Given the large and vigorous debate about enhanced gun laws in the 2013 Session, it was not surprising to hear the words uttered. However, when they were used on the House Floor as a reason to vote for enhanced animal cruelty penalties, it could make your blood boil.

There is much being made about a connection between domestic violence, including child abuse, and animal cruelty. I will admit that anybody I ever knew who beat their horse also beat their dog, their spouse and their children. I don’t know which comes first, the harm to the animals or harm to family. Mean people are just mean and must be dealt with accordingly by the abundance of laws that are already on the books that we don’t have enough law enforcement to cover.

But to use Sandy Hook as a reason to pass a “stronger” New Mexico animal cruelty law is just plain shameful. Reports on the dreadful day in December show absolutely no connection between the shooter and animal cruelty. It appears that violent videos games and an over indulgent, now deceased parent are the culprits along with mental illness.

If folks are going to go for drama in getting your way, get your facts straight.

Sequestration . . .

At first blush it appears that the U.S. Department of Agriculture (USDA) is dealing out a great deal of the anticipate “pain” of sequestration . . . that may because that is the agency of the federal government that we have allowed ours to become semi-dependent upon.

Since Frank DuBois has taken on the subject much better than I ever could in his New Mexico Federal Lands Council column, I will be brief. We have had many calls and emails in the office regarding the cessation of payments under the USDA’s Farm Service Agency’s (FSA) Noninsured Crop Disaster Assistance Program (NAP) which is supposed to provide financial assistance to producers of non-insurable crops due to a natural disaster.

NAP is a program that ranchers and farmers pay a premium to for coverage. Nonetheless payments so direly needed during this ongoing drought were temporarily suspended on March 1. To reinstate them, the Secretary of Agriculture must give Congress a 30 day notice that funds will be shifted to cover the program. That occurred on March 19 so it is anticipated that payments will resume on April 18 and that payments will be 100 percent of what they should be.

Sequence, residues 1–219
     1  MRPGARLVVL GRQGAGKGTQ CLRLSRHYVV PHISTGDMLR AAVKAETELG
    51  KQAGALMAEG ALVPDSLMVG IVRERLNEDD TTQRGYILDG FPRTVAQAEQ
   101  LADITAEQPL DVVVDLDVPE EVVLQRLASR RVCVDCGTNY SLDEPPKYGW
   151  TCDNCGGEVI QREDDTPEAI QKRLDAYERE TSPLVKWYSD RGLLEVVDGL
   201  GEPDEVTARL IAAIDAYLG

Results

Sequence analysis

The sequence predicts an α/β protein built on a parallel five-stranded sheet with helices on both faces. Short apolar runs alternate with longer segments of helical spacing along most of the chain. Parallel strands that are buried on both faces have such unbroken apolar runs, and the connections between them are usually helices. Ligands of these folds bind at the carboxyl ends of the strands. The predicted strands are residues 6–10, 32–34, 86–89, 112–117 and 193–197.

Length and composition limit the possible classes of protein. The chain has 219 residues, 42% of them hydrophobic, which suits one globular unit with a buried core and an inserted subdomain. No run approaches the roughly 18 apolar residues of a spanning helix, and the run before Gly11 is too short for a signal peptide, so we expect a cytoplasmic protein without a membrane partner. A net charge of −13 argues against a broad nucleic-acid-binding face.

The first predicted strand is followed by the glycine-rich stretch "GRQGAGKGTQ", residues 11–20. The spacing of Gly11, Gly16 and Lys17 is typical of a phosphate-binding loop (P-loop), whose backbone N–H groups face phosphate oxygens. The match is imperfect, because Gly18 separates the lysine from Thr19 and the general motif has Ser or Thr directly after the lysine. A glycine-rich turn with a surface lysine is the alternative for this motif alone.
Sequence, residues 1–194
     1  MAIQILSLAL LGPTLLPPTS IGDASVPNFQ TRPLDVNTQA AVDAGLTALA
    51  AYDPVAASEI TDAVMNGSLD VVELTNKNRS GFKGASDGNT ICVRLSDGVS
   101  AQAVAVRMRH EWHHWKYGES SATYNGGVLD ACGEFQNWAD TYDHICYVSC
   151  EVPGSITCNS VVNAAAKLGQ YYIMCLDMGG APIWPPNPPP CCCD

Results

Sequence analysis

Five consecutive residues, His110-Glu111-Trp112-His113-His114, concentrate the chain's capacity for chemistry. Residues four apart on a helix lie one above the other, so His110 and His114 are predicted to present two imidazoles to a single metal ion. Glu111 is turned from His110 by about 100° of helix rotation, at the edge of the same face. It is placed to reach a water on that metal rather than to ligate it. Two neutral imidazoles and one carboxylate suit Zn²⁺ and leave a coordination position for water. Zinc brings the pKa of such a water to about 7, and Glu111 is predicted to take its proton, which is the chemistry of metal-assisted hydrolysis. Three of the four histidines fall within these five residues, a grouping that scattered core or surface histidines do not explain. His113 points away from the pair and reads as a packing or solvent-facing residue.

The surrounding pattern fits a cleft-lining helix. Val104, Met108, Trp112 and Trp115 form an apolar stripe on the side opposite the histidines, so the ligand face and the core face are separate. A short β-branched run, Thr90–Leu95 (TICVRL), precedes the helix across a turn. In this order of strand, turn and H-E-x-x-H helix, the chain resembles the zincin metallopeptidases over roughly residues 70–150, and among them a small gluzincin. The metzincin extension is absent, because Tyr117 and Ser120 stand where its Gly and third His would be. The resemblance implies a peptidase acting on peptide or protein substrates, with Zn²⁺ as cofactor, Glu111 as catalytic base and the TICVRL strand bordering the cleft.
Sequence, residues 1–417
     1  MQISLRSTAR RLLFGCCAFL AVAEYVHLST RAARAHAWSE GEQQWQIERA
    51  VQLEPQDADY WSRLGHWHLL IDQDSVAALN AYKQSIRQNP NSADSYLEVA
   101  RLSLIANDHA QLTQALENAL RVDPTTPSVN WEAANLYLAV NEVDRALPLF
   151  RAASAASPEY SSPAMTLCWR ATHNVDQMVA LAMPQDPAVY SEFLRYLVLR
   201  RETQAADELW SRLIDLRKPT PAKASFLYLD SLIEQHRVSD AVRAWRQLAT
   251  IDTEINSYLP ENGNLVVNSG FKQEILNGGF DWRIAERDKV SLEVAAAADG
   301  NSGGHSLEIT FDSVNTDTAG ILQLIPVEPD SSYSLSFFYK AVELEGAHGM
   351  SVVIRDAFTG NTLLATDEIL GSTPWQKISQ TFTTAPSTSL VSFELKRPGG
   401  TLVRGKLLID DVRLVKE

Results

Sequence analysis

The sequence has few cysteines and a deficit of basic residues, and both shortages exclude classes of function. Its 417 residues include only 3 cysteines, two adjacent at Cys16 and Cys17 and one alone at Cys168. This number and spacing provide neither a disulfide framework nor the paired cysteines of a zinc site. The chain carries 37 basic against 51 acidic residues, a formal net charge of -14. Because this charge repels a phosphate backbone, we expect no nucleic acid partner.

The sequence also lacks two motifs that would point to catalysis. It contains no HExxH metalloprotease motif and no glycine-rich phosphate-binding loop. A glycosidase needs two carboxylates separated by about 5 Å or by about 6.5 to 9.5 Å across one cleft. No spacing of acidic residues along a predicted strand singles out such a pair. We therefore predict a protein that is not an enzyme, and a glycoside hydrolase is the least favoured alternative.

No good deed goes unpunished

Several years ago when people began to understand just how much water the salt cedars (tamarisk) that were planted along stream banks by our forefathers for bank stabilization were using there was a big push to kill the suckers. That was done through herbicide spraying as well as via a beetle that was found that would kill salt cedar without harming anything else.

While lots of spraying was done, there was also a multitude of beetles released across the Southwest to gnaw their way to more water for wildlife, agriculture, municipal and other highly necessary uses. At the time it seemed too good to be true and I have waited to see what negative consequences might come.

It took longer than I expected and from a different quarter than I might have anticipated, but the Center for Biological Diversity and Maricopa Audubon have proven me right. Last month they filed a notice of intent to sue USDA’s Animal & Plant Health Inspection Service (APHIS), over their failure to safeguard an endangered native songbird from the impacts of the agency’s deliberate release of an exotic beetle that is destroying the bird’s habitat in parts of Utah, Arizona and Nevada.

Word of the Month

Not that I am the most educated person in the world, but often I hear words misused and I want to do my share in correcting the problem. As my reference I am using dictionary.reference.com so you can check to keep me honest.

For my first “word of the month” I have chosen:

animal husbandry / noun / the science of breeding, feeding, and tending domestic animals, especially farm animals.

As you might guess, there is method to my madness, and I promise I will get over this year’s animal rights debate some time soon. As many, many people expressed concern about the impacts to “animal husbandry” if the bills this year were passed, one statement head in the House Floor debate was that agriculture was exempt, and therefore there were no “animal husbandry” issues. Pease note, the term applies to all DOMESTIC animals – dogs, cats, and so on.